Endoscopy 2013; 45(S 02): E161-E162
DOI: 10.1055/s-0032-1326644
Cases and Techniques Library (CTL)
© Georg Thieme Verlag KG Stuttgart · New York

Hepatic artery pseudoaneursym formation following intraductal biliary radiofrequency ablation

M. Topazian
1  Division of Gastroenterology and Hepatology, Department of Internal Medicine, Mayo Clinic, Rochester, Minnesota, USA
,
M. J. Levy
1  Division of Gastroenterology and Hepatology, Department of Internal Medicine, Mayo Clinic, Rochester, Minnesota, USA
,
S. Patel
2  Department of Radiology, Franciscan All Saint’s Hospital, Racine, Wisconsin, USA
,
M. R. Charlton
1  Division of Gastroenterology and Hepatology, Department of Internal Medicine, Mayo Clinic, Rochester, Minnesota, USA
,
T. H. Baron
1  Division of Gastroenterology and Hepatology, Department of Internal Medicine, Mayo Clinic, Rochester, Minnesota, USA
› Author Affiliations
Further Information

Publication History

Publication Date:
28 May 2013 (online)

A 73-year-old man with a history of liver transplantation developed cholestasis. No abnormality was seen on magnetic resonance imaging. Percutaneous cholangioscopy via a left-sided transhepatic tract ([Fig. 1]) demonstrated carpet-like villous change with biopsies showing high-grade dysplasia in the right and left ducts. Intraductal ultrasound (IDUS) showed a T1 lesion, with bile duct wall thickening to 2.4 mm. Radiofrequency ablation (RFA) was performed in the right and left hepatic ducts with an 8-French catheter (Habib EndoHPB, EMcision, Montreal, Canada) at 10 W for 90 seconds. Sixteen days later the patient presented with melena, requiring transfusion of 6 units packed red blood cells. Angiography showed a 1.2-cm pseudoaneurysm of the right hepatic artery, which was thrombosed with percutaneous thrombin injection. Subsequent cholangioscopy demonstrated successful ablation of the biliary dysplasia ([Fig. 1]). The close temporal relationship of RFA to pseudoaneurysm formation, and the absence of other apparent etiologies, implicate intraductal RFA as the likely cause.

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Fig. 1 Right hepatic duct dysplasia treated by intraductal biliary radiofrequency ablation: a cholangiogram before treatment shows poor filling of the right hepatic duct; b cholangioscopy of the right hepatic duct shows sessile polyp; c follow-up cholangioscopy of the right hepatic duct after treatment shows successful ablation of the polyp.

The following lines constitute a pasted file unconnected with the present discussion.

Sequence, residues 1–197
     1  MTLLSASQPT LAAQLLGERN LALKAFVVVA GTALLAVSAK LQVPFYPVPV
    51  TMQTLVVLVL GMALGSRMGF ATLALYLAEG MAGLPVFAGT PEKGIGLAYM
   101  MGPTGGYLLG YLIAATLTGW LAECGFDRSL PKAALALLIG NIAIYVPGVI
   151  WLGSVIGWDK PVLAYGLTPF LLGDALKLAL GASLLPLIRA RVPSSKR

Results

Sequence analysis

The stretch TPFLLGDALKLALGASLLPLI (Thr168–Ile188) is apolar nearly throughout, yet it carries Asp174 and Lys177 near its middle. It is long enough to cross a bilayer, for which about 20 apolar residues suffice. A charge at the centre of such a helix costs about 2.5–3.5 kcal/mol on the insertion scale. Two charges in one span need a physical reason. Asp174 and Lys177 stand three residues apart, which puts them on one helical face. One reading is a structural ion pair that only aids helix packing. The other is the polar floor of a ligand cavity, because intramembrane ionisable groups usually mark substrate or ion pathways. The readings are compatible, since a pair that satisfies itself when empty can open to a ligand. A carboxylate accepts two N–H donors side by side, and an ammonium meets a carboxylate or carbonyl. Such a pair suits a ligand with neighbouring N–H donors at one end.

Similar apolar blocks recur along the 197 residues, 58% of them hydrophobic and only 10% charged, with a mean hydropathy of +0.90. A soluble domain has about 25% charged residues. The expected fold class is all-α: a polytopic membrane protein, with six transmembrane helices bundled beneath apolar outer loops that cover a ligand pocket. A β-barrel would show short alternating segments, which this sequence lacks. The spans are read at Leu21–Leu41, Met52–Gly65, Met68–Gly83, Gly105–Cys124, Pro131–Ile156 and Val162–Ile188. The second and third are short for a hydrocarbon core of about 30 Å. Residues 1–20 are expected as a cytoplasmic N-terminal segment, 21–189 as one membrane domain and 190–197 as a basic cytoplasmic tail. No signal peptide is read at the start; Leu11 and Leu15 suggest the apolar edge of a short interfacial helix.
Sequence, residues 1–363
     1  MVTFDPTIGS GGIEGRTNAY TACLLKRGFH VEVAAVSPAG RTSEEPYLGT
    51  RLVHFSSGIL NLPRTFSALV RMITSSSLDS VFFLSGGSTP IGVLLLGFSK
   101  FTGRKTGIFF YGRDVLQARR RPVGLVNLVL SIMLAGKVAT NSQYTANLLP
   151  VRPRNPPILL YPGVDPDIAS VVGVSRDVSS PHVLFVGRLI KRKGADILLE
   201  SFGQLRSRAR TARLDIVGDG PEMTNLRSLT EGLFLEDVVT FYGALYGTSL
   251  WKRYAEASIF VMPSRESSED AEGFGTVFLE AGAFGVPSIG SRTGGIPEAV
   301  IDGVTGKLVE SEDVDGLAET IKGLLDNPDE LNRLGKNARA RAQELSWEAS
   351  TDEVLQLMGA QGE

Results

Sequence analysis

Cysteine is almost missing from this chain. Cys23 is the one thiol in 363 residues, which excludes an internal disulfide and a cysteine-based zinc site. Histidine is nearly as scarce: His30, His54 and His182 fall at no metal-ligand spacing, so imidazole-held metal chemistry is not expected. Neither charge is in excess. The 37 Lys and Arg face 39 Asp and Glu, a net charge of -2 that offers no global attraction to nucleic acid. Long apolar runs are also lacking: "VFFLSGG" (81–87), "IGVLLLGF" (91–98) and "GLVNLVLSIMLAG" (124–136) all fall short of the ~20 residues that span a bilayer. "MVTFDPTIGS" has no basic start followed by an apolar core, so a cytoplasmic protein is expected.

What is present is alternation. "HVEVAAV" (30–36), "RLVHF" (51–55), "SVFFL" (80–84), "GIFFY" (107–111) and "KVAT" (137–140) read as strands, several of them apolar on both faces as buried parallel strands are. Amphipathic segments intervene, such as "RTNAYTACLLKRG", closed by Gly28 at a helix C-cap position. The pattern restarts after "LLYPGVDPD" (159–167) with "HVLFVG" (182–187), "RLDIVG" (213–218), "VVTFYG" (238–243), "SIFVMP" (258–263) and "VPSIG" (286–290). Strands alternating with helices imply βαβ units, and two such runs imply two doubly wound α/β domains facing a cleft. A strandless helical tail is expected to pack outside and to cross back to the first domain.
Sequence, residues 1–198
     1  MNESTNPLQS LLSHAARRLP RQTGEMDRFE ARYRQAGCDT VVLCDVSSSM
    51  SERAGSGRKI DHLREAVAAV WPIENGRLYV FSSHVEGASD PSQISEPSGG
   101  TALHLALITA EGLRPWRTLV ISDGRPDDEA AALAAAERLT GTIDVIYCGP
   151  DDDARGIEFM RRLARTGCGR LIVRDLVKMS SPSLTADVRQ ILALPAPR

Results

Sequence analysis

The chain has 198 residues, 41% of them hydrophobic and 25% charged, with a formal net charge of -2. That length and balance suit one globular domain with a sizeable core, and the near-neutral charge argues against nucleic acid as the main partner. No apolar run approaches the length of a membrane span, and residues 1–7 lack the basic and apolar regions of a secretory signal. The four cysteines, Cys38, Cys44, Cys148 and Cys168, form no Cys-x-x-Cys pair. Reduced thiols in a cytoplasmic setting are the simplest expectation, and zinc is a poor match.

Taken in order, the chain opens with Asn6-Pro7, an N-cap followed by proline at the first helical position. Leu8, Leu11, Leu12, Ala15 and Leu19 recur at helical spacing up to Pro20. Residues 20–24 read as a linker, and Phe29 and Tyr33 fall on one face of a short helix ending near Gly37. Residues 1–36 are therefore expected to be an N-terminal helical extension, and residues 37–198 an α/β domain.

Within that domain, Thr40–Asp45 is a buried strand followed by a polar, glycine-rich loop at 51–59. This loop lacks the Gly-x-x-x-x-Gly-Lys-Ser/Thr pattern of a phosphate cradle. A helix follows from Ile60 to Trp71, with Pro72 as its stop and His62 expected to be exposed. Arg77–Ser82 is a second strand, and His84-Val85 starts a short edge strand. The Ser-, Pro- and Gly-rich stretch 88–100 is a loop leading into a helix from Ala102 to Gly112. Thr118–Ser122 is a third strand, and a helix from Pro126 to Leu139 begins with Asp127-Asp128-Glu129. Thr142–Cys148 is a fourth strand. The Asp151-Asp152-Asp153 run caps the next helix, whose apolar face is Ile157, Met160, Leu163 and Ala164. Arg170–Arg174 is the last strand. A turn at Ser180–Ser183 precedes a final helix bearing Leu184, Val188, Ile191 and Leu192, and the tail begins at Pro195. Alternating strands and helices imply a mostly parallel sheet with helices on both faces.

RFA may be used to treat cholangiocarcinoma [1] [2] and intraductal extension of ampullary polyp [3]. The cross-sectional diameter of the RFA tissue ablation zone varies from 4.3 to 11.3 mm depending on the power and duration of treatment [4]. These values are probably underestimates, since they are based on ex-vivo experiments and do not take into account delayed tissue necrosis. We hypothesize that RFA induced necrosis of the bile duct wall and a portion of adjacent right hepatic artery, leading to pseudoaneurysm formation with subsequent rupture into the right hepatic duct.

The right hepatic artery may focally approach within 1 mm of the bile duct wall [5]. We now utilize IDUS immediately prior to RFA, and avoid performing RFA at 10 W wherever a vessel passes within 4 mm of the IDUS probe ([Fig. 2]). However, when a closely approximating vessel cannot be avoided, we decrease the RFA energy setting.

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Fig. 2 Intraductal ultrasound (IDUS) guides radiofrequency ablation (RFA) in a patient with hilar cholangiocarcinoma and recurrent stent occlusion: a IDUS probe (arrow) positioned at the proximal edge of a right hepatic biliary stent; b IDUS image at the same location shows the right hepatic artery approaching within 2.6 mm of the IDUS probe, with echogenic ends of the metal stent wires also visible; c RFA was performed within the stent (arrow), avoiding the location shown in a and b.

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